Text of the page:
“The fundamental question in this case is whether the impacts from subsidence anticipated from and caused by Consol’s longwall mining in the [Bailey Lower East Expansion] will impair or have impaired the streams in the area. Impairment clearly violates the Clean Streams Law and its regulations and if the Department determined that longwall mining will impair the streams in the [Bailey Lower East Expansion], it should deny the permit revisions. It also violated the Mine Subsidence Act and its regulations.”

Consistent with this impairment framework, the EHB acknowledged the mining-induced impacts observed in undermined streams at the Bailey Lower East Expansion and discussed the use of post-mining streambed grouting to address flow loss and the use of gate cutting to mitigate subsidence-induced pooling. With respect to gate cutting, the EHB expressed concern “because the streambed is excavated in places to lower the stream gradient and re-establish flow. Extensive excavation of the streambed can certainly impact a stream and impair its uses because of the impact it will have on the organisms in the stream.” This means the DEP must consider the scope and duration of post-mining mitigation work. A promise to perform repairs may not be enough if stream uses will be impaired.   

Although the EHB was not convinced that the streams under which Permit Revision No. 180 authorized mining were likely to or did suffer impermissible impairment, the EHB recognized that

“Even this level of impact, which necessitates the implementation of minor forms of stream mitigation, could result in stream impairment if the time or amount of work involved extended beyond what was demonstrated in this case.”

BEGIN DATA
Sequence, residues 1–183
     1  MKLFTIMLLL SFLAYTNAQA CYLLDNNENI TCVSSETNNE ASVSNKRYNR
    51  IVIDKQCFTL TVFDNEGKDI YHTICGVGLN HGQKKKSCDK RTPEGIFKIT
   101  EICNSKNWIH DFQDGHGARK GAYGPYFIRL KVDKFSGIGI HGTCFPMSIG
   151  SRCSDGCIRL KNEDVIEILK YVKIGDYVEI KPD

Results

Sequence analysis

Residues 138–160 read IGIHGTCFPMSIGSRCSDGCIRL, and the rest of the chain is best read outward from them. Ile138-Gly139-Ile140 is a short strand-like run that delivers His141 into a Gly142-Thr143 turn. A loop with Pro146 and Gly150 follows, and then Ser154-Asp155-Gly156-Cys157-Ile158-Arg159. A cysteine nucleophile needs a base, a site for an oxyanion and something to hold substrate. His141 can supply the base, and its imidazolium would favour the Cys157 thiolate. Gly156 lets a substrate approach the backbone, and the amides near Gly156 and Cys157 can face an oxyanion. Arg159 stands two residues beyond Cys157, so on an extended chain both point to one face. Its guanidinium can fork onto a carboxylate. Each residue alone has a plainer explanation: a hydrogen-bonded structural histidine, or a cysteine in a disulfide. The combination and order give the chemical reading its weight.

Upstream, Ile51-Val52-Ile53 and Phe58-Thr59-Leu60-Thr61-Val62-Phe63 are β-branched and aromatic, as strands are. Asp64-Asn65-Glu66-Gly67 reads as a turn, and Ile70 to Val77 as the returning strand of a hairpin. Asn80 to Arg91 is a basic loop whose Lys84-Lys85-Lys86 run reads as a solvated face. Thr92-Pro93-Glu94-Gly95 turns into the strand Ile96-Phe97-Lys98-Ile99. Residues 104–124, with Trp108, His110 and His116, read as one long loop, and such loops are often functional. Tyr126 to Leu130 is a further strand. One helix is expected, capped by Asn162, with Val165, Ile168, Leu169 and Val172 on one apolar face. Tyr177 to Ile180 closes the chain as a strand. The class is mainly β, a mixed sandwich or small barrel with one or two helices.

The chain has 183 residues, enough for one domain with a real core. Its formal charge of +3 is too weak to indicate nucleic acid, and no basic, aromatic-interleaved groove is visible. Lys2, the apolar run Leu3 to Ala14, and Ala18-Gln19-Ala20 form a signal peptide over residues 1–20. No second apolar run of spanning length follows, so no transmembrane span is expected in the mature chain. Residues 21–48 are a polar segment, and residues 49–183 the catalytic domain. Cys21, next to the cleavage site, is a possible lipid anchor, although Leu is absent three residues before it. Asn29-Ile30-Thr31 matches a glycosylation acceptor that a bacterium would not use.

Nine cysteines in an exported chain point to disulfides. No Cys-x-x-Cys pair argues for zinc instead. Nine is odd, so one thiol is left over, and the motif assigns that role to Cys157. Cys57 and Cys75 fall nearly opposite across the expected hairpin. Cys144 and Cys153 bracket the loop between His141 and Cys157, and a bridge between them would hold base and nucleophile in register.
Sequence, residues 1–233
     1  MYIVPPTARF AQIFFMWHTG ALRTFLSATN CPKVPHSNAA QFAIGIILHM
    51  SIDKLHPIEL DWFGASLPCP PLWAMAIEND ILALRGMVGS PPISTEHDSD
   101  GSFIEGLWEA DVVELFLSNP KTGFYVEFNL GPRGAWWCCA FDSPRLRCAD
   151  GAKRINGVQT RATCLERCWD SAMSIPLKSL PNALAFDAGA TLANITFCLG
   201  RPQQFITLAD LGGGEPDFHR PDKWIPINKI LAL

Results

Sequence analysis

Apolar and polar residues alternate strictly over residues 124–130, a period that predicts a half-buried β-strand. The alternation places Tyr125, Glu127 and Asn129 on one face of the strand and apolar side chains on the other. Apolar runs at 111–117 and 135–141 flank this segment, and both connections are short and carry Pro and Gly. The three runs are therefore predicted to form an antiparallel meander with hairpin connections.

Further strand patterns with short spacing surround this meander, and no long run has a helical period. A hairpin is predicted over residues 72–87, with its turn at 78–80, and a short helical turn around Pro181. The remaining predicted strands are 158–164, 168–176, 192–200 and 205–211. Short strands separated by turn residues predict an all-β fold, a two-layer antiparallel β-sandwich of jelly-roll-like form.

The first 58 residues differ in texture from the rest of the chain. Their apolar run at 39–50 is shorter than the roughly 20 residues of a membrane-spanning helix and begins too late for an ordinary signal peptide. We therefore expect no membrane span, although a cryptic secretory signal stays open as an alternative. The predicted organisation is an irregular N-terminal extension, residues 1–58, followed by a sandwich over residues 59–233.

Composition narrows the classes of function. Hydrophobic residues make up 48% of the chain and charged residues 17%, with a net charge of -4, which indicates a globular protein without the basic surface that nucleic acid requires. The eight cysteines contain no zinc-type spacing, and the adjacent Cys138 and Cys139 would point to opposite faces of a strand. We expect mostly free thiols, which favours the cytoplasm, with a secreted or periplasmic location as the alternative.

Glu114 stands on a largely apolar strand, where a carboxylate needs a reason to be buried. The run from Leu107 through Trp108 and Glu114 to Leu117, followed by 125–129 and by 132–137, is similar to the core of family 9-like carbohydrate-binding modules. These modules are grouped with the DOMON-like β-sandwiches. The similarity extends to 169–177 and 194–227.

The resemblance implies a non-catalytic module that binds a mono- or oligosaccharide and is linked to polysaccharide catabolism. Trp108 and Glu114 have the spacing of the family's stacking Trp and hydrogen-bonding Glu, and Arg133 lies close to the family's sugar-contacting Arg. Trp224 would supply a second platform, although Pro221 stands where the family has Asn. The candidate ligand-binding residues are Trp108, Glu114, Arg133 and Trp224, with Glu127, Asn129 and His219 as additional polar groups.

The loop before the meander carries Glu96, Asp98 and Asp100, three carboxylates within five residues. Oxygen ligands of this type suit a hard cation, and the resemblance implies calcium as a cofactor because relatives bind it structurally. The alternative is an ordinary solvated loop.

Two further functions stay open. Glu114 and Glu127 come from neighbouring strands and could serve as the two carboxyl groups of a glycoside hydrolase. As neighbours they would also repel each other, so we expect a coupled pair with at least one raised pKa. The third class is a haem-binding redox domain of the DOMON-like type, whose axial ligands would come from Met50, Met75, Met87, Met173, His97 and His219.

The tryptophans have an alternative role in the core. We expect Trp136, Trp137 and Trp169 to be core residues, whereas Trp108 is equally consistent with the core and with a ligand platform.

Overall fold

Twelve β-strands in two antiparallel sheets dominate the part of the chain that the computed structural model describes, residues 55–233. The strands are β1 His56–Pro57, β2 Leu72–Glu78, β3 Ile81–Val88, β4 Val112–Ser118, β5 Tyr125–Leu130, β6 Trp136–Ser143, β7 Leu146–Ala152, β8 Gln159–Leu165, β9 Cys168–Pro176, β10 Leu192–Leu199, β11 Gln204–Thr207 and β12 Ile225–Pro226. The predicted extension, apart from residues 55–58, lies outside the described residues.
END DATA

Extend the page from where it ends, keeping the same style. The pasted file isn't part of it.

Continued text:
While there is still work to be done, the Board’s opinion sets forth important guidance for evaluating longwall mining applications in the future and provides stronger protection for Pennsylvania streams.

Environmental Hearing Board Overturns Permit for Destructive Mining Upstream of Ryerson Station State Park

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Greene County, PA--The Pennsylvania Environmental Hearing Board (EHB) rejected a revised underground longwall mining permit issued by the state’s Department of Environmental Protection (DEP) in 2015 that allowed Consol Pennsylvania Coal Company (Consol) to cause extensive damage to a stream called Polen Run, which flows into Ryerson Station Station State Park.

“We greatly appreciate all of the time that the Board spent on this matter,” Sarah Winner, who represented Center for Coalfield Justice and Sierra Club in the appeals, said. “The Board’s decision provides important clarification about the protections afforded to Pennsylvania streams in the context of longwall coal mining.”

The EHB concurred with two community groups, the Center for Coalfield Justice (CCJ) and the Sierra Club, that Pennsylvania’s Clean Streams Law and Article I, Section 27 of the Pennsylvania Constitution does not allow the DEP to permit mining that is predicted to damage a stream so severely that the only way to “fix” the damage is to construct a new stream in its place.

“We’re thrilled that the EHB has agreed with us that it is illegal to allow a company to destroy streams for the sake of increasing profit. This ruling has put the industry and the DEP on notice that it must do a better job of developing mining plans to protect streams,” Veronica Coptis at the Center for Coalfield Justice said. “We are thankful to the hundreds of area residents who contributed to our successful efforts and remain committed to protecting the streams within Ryerson Station State Park.”

"The EHB set a precedent today that it will protect streams throughout Southwestern Pennsylvania. This is a victory for the rule of law and for local folks who have had to suffer the consequences of irresponsible mining practices for too long. Time and again mining companies have proven that putting a stream back together after breaking it is easier said than done,” Tom Schuster, Senior Campaign Representative for Pennsylvania at the Sierra Club said. “Now the industry will have to comply with the environmental laws and Article I, Section 27 of the Pennsylvania Constitution, and prevent extensive damage in the first place. They can no longer sacrifice community resources for corporate greed.”